The Three Sides To Every Story

Susie’s (age 8) story: “Mom came to school, got my brother, Sam, and took him to the circus. She left me at school.
Susie is telling her story as she remembers the event. Some underlying
emotions might be hurt, jealousy and disappointment. She probably feels Mom’s treatment of her was unfair. Susie lacks accurate information and fills in the blanks with a story that makes sense to her.

Sam’s (age 6) story: “Mom likes me best.”
Sam is happy about the event. He had Mom’s attention and he liked the circus
very much. Does he care about Susie being left at school while he had a good time? Sam probably doesn’t even think about her.

Mom’s version: “I chaperoned Sam’s class on a field trip.”
The actual situation, minus the emotions, is an easily explainable event. The
difference in Sam’s perspective and Susie’s perspective is a source of family conflict. Mom will probably mediate the situation by pointing out that the flyer for the field trip was posted on the refrigerator, apologizing to Susie for neglecting to tell her about it, time together.

Most mediations involve at least three sides of a story. Each participant has a perspective and the third version reports the facts of the matter. Eye witness
versions of incidents have proven to be unreliable. Each person brings his/her
interpretation to the witnessed experience. Memories are also biased by perspective. Although the Susie/Sam example is simplistic, the basis of many conflicts involves different sides to the same story. Emotion colors each version.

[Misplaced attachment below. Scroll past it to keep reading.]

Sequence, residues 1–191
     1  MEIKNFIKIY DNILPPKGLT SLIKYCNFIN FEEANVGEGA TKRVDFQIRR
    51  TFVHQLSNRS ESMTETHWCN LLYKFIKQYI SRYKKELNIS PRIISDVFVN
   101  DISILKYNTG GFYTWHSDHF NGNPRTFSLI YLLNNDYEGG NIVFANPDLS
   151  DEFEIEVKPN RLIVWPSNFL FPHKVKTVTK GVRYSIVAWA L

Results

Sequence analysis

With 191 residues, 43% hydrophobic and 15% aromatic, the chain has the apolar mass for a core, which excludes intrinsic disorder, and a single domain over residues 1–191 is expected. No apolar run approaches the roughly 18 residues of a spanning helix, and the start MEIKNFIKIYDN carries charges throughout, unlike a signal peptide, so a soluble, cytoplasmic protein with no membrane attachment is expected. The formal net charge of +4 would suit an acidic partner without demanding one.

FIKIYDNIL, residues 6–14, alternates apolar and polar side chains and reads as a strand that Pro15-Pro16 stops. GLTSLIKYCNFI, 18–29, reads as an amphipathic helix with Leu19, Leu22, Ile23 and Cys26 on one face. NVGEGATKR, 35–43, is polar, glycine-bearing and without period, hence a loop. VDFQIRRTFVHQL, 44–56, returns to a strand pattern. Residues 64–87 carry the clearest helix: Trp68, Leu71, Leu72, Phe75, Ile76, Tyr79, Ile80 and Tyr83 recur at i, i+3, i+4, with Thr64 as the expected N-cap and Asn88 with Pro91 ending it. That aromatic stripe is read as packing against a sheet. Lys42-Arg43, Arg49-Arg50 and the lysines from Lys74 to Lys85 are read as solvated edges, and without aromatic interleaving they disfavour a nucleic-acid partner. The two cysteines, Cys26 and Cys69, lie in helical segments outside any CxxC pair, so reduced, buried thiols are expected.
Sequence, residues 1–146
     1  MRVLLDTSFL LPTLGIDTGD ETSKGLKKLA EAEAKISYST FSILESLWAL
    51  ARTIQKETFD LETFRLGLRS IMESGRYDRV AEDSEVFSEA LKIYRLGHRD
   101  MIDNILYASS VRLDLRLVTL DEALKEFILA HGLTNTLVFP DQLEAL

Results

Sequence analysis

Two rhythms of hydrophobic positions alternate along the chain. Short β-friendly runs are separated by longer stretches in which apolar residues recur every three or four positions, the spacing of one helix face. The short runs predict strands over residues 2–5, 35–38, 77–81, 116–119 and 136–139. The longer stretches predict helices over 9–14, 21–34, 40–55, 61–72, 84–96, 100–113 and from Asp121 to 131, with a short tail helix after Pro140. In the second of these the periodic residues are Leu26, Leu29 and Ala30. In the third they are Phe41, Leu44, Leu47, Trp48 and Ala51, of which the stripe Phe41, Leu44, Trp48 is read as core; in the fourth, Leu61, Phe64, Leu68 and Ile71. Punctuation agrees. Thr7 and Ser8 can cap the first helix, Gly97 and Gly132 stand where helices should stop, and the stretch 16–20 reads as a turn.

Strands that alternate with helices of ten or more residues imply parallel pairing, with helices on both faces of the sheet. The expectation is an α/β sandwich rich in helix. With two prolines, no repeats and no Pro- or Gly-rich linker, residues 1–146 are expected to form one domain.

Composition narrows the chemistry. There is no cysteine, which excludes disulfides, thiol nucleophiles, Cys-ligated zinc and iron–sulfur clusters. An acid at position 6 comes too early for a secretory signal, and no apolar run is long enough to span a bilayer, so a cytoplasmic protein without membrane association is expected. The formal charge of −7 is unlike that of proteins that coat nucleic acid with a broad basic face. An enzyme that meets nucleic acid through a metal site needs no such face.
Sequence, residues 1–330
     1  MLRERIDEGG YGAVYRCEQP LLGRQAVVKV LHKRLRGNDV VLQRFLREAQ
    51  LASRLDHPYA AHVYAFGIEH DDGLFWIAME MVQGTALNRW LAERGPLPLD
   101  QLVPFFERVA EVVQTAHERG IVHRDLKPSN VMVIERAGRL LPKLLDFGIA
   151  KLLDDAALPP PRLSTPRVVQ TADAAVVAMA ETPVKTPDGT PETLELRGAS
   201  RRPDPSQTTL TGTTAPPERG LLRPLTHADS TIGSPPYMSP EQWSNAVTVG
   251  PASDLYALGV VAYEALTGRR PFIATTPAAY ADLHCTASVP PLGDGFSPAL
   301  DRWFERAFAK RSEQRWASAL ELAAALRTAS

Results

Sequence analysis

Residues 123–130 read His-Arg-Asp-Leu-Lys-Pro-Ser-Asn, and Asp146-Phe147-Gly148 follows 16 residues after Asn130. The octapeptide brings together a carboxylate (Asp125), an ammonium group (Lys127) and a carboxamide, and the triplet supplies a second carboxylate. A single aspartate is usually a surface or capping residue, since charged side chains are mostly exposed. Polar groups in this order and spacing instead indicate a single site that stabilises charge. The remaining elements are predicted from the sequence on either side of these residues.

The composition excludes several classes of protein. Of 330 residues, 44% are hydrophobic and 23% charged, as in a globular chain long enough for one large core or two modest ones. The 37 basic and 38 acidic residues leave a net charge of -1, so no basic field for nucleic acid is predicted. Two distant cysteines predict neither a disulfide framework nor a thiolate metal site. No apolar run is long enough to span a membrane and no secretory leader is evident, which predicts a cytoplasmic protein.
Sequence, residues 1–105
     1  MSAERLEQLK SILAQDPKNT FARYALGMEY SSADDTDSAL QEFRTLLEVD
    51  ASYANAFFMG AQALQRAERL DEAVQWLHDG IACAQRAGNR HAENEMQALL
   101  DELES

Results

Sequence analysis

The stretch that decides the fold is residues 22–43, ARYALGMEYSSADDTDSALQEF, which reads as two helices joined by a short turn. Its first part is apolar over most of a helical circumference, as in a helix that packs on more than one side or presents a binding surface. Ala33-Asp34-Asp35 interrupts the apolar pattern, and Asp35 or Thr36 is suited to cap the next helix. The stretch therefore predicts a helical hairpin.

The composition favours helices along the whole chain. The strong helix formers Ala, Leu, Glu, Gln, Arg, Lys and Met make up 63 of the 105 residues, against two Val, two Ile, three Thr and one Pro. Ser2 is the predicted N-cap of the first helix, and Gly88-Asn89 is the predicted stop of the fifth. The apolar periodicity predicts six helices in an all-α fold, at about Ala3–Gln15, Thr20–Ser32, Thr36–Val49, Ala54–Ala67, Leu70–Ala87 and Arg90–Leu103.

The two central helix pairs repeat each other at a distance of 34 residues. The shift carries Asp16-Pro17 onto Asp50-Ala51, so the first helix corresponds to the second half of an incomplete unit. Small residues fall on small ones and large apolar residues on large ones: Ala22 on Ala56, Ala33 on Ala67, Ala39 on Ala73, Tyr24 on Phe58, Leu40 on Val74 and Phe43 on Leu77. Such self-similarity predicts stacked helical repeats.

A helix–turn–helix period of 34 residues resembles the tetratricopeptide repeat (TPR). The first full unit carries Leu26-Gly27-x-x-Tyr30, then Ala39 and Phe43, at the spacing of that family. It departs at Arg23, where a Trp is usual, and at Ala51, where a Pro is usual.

How does a mediator help participants come to an agreement when the stories
are different? The mediator acts in much the same way Mom does, without the
personal involvement. During the mediation, each participant has an opportunity to tell his/her side of the story. The mediator listens for areas of agreement and helps the participants recognize how the areas of agreement can be useful in constructing future goals.

Honest and open communication is important during the mediation process.
Participants may not trust each other and each may accuse the other of lying, when, in fact, each is telling the story from his/her point of view. The mediator makes sure that each party can be heard and encourages communication between the parties so the opportunity to provide new information or correct false information is available. The mediator helps the participants create a “new story” by combining some of each version. The areas of agreement provide a starting point. Constructing a parenting plan may begin with “access to both parents is important to both of you”. The “new story” will evolve when the parents discuss and work through a plan that provides that goal.